Epigenetics and Public Policy: The Tangled Web of Science and Politics

The cover art for my forthcoming book Epigenetics and Public Policy: The Tangled Web of Science and Politics has been approved, and a tentative release date set (February 2017).

Stay tuned here, as I will post excerpts and work in progress as I finish the writing of this book.

CoverSm

“This book comprehensively considers the political implications of the emerging science of epigenetics in specific policy domains, addressing the intersections of epigenetics with cancer, obesity, the environment, and the law. Author Shea Robison carefully navigates the messy history of genetics and epigenetics in order to explore what changes in public policy might come in the age of a new scientific frontier. Readers will understand how new findings in epigenetic research and increased acceptance of epigenetic science may lead to paradigm shifts in cancer prevention and treatment, significantly different policy solutions for combating obesity, and revised statutes of limitations and laws regarding civil and corporate liability and wrongful life.”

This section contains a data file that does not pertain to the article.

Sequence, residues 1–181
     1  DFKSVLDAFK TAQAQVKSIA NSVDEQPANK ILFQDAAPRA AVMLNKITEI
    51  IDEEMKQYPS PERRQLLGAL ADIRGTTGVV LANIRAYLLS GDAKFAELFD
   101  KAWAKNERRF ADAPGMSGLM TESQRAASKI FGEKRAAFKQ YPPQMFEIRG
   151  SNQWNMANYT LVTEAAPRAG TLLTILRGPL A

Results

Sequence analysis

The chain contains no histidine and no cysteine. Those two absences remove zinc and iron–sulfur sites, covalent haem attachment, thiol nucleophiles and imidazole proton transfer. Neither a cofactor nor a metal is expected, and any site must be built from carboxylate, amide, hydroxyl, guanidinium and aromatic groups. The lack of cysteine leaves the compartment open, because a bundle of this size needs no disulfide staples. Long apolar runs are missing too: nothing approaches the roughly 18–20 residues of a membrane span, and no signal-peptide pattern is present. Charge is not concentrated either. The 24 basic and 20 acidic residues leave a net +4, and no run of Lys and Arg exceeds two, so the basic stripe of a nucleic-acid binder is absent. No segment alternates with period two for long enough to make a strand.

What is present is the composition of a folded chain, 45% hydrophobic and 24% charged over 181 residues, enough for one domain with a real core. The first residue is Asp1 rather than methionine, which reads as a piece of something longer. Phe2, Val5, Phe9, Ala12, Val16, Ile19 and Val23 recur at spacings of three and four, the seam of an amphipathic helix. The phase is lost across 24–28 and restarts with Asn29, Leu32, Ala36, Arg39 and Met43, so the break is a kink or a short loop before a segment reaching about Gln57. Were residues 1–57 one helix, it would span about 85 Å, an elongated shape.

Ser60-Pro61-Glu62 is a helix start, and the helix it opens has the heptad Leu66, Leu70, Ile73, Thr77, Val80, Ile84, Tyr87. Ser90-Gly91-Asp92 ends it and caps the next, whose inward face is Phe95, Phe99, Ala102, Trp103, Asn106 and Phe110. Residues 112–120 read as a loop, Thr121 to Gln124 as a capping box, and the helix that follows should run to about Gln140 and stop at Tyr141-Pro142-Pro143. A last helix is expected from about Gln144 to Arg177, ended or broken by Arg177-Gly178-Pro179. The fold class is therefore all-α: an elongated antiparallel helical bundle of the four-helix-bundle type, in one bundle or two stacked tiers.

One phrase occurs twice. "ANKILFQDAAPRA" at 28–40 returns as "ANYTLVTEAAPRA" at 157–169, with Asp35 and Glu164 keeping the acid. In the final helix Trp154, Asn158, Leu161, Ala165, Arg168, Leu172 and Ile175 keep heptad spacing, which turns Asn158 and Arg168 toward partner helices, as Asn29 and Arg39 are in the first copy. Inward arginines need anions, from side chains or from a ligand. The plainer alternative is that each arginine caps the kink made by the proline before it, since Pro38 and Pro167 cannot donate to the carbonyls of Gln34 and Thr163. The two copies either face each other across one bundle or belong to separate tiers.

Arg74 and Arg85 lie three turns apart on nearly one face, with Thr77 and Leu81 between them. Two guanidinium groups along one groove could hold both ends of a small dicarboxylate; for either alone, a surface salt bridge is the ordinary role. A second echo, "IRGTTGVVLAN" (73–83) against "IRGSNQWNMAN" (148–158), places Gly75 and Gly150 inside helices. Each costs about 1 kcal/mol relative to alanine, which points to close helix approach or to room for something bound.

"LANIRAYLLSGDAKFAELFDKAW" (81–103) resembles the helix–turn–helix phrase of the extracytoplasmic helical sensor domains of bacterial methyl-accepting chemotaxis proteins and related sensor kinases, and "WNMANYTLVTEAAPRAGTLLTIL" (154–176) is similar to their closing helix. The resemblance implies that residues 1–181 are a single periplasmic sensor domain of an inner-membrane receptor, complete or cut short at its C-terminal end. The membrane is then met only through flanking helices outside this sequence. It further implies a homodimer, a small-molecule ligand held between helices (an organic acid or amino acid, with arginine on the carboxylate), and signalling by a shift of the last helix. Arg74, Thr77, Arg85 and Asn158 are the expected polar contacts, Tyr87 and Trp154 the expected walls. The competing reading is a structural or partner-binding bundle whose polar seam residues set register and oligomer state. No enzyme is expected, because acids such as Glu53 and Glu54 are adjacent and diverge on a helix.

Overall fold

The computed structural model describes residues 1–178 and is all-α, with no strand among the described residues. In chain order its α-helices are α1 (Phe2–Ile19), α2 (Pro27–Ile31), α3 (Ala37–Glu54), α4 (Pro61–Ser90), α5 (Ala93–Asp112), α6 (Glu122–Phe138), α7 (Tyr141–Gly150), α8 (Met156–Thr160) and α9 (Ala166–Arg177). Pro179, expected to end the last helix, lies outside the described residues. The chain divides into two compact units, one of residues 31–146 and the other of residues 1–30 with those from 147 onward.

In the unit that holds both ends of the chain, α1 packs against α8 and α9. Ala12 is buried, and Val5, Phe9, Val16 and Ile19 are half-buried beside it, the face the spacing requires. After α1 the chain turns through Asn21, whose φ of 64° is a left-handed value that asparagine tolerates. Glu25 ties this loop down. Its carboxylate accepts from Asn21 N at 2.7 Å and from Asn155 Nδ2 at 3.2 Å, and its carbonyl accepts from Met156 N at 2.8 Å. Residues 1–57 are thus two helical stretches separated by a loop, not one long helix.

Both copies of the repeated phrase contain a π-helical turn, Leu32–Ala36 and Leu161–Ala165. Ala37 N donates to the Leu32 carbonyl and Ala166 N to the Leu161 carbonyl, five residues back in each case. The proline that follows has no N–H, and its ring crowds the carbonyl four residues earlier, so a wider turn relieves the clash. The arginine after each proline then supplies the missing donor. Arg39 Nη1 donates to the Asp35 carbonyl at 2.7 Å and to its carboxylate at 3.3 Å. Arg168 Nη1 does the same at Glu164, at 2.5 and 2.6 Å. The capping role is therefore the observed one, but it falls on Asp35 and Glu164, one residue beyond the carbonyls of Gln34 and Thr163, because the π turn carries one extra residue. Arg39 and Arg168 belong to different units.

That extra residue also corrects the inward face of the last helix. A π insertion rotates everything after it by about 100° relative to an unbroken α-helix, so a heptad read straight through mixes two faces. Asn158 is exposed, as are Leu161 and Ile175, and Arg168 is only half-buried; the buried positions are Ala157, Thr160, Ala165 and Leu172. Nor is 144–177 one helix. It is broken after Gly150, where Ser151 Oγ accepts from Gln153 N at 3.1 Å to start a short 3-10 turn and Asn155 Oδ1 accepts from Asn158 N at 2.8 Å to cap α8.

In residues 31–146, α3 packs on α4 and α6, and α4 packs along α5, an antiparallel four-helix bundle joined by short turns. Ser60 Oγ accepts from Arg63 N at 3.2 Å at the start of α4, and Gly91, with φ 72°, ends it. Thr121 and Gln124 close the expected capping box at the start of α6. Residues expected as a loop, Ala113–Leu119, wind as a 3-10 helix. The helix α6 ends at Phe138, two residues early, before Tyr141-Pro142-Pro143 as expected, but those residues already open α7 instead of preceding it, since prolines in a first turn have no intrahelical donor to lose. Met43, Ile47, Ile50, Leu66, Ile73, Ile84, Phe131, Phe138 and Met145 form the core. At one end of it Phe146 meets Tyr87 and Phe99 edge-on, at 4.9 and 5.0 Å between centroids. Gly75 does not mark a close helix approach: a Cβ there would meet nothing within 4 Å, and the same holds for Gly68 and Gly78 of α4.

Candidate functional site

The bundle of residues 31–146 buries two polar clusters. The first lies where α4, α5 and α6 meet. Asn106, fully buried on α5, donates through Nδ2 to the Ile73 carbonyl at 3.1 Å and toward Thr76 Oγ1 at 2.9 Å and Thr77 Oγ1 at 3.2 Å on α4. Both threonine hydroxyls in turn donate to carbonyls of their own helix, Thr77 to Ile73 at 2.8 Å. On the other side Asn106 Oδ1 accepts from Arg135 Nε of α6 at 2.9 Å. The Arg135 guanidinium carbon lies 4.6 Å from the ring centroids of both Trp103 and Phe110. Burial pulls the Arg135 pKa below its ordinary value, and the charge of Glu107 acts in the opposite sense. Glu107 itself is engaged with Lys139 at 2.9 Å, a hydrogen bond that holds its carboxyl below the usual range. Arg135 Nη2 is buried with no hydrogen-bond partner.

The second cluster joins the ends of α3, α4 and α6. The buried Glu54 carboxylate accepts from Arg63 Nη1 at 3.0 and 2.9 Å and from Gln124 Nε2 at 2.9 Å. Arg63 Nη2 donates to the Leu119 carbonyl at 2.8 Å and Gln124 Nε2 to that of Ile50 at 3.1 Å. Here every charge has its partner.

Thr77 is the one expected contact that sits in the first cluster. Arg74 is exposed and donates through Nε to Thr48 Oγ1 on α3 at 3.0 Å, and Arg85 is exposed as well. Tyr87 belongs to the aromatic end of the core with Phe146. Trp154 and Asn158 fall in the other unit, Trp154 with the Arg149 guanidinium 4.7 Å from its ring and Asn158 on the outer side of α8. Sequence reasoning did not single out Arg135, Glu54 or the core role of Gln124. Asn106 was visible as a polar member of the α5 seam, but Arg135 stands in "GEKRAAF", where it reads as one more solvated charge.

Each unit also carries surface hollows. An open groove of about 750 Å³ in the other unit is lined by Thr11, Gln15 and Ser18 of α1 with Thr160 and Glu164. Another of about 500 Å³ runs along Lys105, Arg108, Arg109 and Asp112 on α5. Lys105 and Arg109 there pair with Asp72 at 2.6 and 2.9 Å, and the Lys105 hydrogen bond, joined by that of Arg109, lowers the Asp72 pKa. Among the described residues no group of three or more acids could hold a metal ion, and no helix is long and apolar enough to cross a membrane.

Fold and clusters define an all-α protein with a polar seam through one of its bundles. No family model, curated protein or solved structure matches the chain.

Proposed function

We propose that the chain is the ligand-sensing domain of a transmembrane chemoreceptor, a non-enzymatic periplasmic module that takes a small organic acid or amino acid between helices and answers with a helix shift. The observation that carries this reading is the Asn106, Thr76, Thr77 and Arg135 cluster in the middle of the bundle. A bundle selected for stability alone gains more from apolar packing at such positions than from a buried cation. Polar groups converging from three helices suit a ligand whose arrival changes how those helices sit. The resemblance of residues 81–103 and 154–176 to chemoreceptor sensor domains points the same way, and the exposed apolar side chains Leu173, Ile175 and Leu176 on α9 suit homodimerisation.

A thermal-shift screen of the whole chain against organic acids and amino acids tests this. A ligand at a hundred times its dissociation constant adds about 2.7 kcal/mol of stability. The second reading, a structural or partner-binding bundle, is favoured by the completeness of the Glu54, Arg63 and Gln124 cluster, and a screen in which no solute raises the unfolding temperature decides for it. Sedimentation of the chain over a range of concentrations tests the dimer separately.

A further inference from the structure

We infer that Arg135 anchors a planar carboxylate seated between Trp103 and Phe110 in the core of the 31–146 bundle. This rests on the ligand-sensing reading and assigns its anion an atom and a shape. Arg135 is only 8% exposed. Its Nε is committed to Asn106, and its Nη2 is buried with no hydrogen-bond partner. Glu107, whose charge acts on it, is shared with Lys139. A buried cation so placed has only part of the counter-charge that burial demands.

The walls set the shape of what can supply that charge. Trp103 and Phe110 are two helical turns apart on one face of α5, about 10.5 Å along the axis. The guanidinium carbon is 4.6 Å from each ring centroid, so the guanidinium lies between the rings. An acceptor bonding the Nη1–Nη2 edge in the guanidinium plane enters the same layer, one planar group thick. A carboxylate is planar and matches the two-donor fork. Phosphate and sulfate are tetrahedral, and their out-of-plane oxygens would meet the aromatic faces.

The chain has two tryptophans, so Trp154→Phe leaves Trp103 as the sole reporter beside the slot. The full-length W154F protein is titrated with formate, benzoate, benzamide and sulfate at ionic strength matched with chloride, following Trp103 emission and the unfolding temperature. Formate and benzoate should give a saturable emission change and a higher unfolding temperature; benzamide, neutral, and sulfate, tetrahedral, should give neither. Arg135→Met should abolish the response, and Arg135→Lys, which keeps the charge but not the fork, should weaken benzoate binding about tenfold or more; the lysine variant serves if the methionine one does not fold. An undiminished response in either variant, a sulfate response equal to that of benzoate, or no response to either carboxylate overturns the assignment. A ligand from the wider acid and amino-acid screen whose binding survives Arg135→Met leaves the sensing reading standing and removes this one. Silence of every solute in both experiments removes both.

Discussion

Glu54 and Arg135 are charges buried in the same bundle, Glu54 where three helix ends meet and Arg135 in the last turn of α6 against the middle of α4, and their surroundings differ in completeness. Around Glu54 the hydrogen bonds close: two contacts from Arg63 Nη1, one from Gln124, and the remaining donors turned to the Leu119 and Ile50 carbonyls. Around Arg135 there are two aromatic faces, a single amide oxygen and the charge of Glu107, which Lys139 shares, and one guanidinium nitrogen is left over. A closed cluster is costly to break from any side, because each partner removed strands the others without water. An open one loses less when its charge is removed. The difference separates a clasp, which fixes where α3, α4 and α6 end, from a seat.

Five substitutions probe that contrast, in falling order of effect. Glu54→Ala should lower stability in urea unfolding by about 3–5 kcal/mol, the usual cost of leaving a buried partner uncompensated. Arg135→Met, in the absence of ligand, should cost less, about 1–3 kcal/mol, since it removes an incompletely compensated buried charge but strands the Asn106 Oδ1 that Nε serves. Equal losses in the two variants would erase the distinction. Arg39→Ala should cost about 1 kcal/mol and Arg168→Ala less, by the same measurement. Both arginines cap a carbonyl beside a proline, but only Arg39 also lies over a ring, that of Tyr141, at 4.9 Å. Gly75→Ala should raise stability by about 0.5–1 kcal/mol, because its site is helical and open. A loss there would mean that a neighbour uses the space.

The first section of the book details the current state of the science of epigenetics.

In the second section I detail the political history of epigenetics going back to the 1800s. This history is inextricably intertwined with both the scientific development of genetics and with many of the most important political movements of the 19th and 20th century, from the rise of Progressivism in the United States, to the Cold War. This often overlooked historical context is critical for understanding both the science of epigenetics and the implications of epigenetics for contemporary public policy.

In the final section I discuss these policy implications of epigenetics in the context of specific policy domains such as obesity, cancer research, and environmental policy. In particular I use a policy narrative approach to analyze the different ways epigenetics challenges existing policy narratives in these domains, and suggest how epigenetics can introduce novel narratives into these policy domains. I also have a chapter on the potentially profound implications of epigenetics for the law.